Statistics from Altmetric.com
A 55 year old normotensive male smoker with seropositive nodular erosive rheumatoid arthritis (rheumatoid factor 390, normal range 0–20 IU/ml), controlled on sulfasalazine and indometacin, had a thoracic aortic aneurysm detected on routine chest radiography. Computed tomography (CT), with spiral reconstruction, confirmed that this started immediately distal to the left subclavian artery and was 7 cm in diameter and 13 cm in length. Just above the diaphragm the aorta began to dilate again, and at the level of the renal hilum was 4.5 cm in diameter. The thoracic aneurysm was resected and replaced with a 32 mm knitted polyester graft impregnated with gelatin.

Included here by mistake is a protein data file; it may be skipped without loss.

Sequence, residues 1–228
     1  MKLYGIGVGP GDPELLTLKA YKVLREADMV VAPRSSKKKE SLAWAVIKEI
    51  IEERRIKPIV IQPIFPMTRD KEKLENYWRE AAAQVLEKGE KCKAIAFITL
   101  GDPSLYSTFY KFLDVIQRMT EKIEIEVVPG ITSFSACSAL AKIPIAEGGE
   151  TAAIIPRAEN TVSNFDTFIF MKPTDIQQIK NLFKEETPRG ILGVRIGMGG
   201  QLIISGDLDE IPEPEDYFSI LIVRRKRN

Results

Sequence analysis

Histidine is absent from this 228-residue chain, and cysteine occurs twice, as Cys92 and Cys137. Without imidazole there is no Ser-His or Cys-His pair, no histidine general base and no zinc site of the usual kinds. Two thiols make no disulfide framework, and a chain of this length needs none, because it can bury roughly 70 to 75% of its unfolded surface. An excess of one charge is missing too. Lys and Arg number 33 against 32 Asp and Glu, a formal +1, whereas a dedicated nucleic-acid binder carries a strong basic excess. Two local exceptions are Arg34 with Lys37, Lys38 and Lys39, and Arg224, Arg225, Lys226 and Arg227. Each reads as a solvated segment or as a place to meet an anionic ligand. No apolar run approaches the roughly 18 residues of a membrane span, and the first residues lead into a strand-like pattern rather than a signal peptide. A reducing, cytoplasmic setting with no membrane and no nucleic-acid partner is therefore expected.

Histology of the resected aorta (haematoxylin and eosin stain, original magnification ×100) showed features consistent with rheumatoid vasculitis with a panmural aortitis and an inflammatory cell infiltrate comprising mainly plasma cells and lymphocytes. There was distortion and thinning of the elastic media and adventitial fibrosis. The vasa vasorum showed a dense perivascular cuff of lymphocytes with Russell bodies, which represent deposits of immune complexes (arrowed).
Vasculitis occurs in fewer than 1% of patients with rheumatoid arthritis and usually only in those with severe deforming rheumatoid arthritis and high titres of rheumatoid factor. Large vessel involvement with aortitis occurs in 5% of patients with rheumatoid vasculitis. Aneurysm formation secondary to rheumatoid vasculitis is extremely rare and then usually affects the aortic root and ascending aorta.